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Volume 23, No. 5       October 16, 2000

Author of ‘Dead Man Walking’ to Speak at Ithaca College

Helen PrejeanSister Helen Prejean, a two- time nominee for the Nobel Peace Prize and the author of the book on which the 1995 movie Dead Man Walking was based, will give a talk, "Dead Man Walking: The Journey," on Monday, October 23, at 7:30 p.m. in the Emerson Suites, Phillips Hall. The event is sponsored by the College’s Interfaith Religious Council. Tickets are $3 and may be purchased at the door if seats are available or in advance through Wednesday, October 18, at the Campus Center (from 11:00 a.m. to 1:00 p.m.) or at Catholic Charities of the Southern Tier, 121 East Buffalo Street (during business hours). For more information call Catholic chaplain Mary Humenay at 274-1117.

An ardent opponent of capital punishment, Sister Helen Prejean has been counseling death-row inmates in the Louisiana State Penitentiary since 1981. She has accompanied five prisoners to their executions and witnessed their deaths. She also works with the families of murder victims and is an honorary member of Murder Victims’ Families for Reconciliation, an organization whose members have lost loved ones to homicide yet remain opposed to the death penalty. Prejean is the honorary chairperson of Hands Off Cain, an international group based in Rome working for the abolition of capital punishment, and is a member of Amnesty International and the U.S. National Coalition to Abolish the Death Penalty. She is collecting signatures for Moratorium 2000, a group seeking a worldwide moratorium on the death penalty by the end of the year 2000.

Her book, Dead Man Walking: An Eyewitness Account of the Death Penalty in the United States, tells of her experience with a death-row inmate and chronicles the empathy she felt not only for family members of his victim but also for the convicted rapist and murderer himself. The book spent 31 weeks on the New York Times bestseller list in 1993 and was nominated for a Pulitzer Prize. When the movie based on the book appeared two years later, it garnered four Academy Award nominations, with Susan Sarandon, who portrayed Prejean, winning the Oscar for best actress.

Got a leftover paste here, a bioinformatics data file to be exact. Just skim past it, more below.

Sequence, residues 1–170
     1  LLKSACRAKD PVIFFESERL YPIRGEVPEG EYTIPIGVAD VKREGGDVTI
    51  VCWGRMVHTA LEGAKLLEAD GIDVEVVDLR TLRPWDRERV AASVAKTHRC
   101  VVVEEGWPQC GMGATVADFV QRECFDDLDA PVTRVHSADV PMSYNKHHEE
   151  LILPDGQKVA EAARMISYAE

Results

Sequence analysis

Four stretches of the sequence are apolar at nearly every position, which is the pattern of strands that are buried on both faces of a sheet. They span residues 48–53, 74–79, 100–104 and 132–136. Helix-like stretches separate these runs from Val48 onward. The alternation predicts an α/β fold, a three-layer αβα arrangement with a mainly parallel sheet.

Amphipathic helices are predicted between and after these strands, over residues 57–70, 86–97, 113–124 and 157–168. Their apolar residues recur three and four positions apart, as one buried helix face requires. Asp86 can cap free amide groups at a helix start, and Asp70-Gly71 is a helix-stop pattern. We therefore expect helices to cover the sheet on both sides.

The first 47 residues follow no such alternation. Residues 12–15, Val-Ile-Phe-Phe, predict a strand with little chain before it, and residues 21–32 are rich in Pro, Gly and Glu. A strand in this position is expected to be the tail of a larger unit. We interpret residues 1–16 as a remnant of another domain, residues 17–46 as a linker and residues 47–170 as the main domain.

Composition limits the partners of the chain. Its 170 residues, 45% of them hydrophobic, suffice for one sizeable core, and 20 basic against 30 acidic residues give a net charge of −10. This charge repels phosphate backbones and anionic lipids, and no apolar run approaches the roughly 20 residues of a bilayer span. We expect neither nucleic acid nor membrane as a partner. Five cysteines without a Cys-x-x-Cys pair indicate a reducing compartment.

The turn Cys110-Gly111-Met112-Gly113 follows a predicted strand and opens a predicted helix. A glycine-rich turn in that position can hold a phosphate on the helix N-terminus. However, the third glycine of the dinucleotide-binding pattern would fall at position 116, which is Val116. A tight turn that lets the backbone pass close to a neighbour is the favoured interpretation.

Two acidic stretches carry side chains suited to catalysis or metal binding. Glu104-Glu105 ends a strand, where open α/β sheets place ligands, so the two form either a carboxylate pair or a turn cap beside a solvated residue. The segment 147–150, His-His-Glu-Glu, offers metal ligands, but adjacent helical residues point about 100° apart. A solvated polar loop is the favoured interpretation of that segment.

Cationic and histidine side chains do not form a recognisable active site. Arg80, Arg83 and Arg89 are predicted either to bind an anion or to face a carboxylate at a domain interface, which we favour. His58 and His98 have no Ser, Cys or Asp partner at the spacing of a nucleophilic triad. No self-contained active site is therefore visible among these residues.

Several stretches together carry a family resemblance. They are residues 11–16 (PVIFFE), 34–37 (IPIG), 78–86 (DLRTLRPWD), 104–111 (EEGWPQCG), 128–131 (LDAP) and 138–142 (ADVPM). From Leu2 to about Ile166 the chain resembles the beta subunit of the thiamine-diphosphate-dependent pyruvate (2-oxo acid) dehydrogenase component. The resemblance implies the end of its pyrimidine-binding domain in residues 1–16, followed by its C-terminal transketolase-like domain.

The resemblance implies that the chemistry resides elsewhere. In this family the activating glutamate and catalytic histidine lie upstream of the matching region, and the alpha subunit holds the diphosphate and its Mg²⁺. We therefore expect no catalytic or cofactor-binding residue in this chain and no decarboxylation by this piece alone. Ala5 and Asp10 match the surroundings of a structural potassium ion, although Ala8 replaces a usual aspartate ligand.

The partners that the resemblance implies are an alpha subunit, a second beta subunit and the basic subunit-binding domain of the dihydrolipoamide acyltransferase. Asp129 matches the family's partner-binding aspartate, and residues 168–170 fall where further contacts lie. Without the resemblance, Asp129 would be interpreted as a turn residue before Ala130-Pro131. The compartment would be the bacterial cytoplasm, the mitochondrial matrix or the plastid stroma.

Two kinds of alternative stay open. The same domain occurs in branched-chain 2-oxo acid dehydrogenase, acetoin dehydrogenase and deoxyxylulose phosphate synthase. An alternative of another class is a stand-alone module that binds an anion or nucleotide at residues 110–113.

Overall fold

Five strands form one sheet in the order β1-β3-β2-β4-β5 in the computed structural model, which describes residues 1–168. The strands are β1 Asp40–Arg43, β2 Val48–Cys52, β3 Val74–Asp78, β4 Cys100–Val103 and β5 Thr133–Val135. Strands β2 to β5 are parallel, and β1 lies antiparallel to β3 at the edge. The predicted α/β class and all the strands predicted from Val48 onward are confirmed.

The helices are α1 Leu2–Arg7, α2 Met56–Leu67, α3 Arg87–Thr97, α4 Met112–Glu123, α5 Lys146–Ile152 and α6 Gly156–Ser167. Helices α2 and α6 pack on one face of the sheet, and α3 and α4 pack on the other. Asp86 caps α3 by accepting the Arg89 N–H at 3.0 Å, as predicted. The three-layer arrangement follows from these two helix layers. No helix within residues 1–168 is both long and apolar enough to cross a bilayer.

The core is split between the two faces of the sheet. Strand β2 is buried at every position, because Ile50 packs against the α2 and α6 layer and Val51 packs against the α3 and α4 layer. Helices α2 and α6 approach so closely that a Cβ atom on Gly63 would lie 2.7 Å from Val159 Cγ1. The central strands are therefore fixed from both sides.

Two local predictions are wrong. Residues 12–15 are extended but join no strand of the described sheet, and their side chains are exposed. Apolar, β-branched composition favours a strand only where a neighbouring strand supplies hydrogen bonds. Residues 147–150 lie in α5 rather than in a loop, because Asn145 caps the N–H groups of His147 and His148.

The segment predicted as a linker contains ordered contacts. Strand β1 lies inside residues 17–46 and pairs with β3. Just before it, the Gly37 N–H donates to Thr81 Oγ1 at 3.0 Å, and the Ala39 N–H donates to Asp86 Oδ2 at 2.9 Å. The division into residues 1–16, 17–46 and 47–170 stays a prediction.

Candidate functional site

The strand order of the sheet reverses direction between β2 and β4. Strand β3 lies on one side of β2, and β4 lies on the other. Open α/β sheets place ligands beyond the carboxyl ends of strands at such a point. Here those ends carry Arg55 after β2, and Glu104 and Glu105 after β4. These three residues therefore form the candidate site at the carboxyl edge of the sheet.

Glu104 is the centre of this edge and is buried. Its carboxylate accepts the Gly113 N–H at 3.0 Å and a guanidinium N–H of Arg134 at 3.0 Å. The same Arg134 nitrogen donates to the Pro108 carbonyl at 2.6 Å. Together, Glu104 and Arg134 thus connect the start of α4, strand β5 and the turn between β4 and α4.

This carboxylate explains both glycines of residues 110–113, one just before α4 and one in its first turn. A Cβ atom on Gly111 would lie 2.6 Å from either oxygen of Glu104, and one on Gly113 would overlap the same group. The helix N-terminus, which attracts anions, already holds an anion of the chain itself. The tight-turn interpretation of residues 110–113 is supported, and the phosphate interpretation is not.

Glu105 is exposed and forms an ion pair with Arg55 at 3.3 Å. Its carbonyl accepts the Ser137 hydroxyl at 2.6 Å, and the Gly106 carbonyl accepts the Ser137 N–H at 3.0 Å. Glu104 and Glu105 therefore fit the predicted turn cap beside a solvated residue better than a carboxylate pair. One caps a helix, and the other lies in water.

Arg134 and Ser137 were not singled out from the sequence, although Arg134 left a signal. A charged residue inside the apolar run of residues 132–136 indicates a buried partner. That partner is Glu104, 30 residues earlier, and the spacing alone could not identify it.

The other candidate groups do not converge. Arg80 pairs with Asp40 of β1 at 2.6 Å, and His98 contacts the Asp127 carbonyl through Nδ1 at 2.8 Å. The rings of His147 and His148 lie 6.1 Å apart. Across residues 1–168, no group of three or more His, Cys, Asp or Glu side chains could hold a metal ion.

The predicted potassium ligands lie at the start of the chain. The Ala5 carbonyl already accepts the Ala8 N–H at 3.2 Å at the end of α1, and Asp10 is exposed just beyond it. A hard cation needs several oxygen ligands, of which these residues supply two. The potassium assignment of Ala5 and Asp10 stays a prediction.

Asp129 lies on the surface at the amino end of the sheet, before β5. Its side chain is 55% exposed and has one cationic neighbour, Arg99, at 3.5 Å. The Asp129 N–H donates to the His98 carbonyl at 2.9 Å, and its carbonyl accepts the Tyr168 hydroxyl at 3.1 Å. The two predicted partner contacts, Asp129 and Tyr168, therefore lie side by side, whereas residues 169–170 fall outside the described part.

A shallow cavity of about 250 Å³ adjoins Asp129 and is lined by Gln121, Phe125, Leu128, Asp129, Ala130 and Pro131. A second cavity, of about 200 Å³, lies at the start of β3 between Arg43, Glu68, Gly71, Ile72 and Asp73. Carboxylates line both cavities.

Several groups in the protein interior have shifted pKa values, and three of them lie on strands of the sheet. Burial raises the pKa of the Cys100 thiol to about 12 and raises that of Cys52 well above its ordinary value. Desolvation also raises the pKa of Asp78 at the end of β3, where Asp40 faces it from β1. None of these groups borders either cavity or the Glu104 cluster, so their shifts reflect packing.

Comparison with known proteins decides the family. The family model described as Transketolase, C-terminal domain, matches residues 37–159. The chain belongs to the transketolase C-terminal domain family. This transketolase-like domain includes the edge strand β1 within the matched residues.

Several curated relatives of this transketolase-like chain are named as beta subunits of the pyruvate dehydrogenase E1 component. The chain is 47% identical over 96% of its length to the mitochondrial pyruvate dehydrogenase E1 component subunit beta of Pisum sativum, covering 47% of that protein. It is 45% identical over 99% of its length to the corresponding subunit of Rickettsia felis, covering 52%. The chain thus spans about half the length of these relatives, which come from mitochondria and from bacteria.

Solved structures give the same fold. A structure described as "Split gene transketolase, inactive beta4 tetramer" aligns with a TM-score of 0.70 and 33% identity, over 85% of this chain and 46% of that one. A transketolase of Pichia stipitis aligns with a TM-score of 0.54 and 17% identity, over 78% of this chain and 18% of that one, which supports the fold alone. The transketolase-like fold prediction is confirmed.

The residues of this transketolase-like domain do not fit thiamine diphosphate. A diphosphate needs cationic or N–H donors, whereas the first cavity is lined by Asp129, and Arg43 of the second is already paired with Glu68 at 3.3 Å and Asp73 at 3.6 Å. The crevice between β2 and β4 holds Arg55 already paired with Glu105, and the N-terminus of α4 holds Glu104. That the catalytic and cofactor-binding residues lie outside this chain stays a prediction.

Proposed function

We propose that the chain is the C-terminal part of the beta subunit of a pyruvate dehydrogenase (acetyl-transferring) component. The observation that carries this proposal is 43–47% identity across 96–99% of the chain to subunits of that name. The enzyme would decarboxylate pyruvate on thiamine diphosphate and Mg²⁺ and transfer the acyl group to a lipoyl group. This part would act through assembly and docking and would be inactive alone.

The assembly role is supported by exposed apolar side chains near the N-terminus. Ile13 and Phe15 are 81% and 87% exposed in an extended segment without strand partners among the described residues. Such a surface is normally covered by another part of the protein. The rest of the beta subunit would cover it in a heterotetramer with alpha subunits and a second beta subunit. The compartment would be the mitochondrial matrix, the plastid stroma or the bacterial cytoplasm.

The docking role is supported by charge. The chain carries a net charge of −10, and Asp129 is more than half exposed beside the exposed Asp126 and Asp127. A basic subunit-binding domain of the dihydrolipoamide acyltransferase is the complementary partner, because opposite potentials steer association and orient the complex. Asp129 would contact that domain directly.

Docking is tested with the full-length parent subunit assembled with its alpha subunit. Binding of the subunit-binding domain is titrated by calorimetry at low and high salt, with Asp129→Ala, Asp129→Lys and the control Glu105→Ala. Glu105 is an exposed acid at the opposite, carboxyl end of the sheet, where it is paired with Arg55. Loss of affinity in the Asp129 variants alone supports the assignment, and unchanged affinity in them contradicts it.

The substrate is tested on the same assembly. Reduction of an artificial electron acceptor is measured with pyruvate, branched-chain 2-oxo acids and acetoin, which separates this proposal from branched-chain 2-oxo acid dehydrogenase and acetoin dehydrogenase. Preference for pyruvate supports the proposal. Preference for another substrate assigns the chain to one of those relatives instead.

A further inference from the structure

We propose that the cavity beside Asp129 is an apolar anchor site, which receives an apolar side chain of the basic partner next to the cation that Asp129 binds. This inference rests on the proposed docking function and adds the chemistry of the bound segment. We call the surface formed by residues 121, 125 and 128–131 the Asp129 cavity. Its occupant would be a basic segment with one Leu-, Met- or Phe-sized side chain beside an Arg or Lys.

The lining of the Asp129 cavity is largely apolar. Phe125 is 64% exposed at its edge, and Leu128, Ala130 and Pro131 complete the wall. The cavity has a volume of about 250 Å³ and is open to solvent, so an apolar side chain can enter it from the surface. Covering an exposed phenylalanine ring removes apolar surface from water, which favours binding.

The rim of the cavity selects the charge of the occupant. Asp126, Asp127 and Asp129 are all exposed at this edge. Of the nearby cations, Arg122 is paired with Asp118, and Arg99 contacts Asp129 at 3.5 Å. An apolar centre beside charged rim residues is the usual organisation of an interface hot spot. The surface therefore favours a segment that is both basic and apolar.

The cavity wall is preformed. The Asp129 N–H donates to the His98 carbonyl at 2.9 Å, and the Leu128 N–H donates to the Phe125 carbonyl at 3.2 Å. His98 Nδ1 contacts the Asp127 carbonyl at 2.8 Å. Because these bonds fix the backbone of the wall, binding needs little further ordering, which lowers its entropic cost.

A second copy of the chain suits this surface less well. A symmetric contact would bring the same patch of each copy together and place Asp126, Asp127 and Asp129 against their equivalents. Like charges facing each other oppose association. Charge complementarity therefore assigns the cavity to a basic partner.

Nominated for the Nobel Peace Prize in 1998 and 1999, Prejean has received numerous accolades for her work, including the Champion of Liberty Award from the U.S. Association of Criminal Defense Lawyers and the Sanctity of Life Award from the Southern Christian Leadership Conference. In 1994 Mirabella magazine named her to its list of "100 fearless women."

She has been featured in the New York Times Magazine, Vogue, the Chicago Tribune, and many other print publications. She has made television appearances on 60 Minutes, the Tom Snyder Show, and the Phil Donahue Show, and was featured on such radio shows as Larry King Live, National Public Radio’s Weekend Edition, and Fresh Air.

Born in Baton Rouge in 1939, Prejean has lived and worked in Louisiana all her life. She joined the Sisters of St. Joseph of Medaille in 1957 and received a bachelor’s degree in English and education five years later from St. Mary’s Dominican College in New Orleans. She taught junior and senior high school students and served as religious education director at St. Frances Cabrini Parish in New Orleans. Her work with residents of that city’s St. Thomas Housing Project led her to establish her prison ministry in 1981.



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Andrejs Ozolins, Ithaca College Office of Publications. 27. Oct. 2000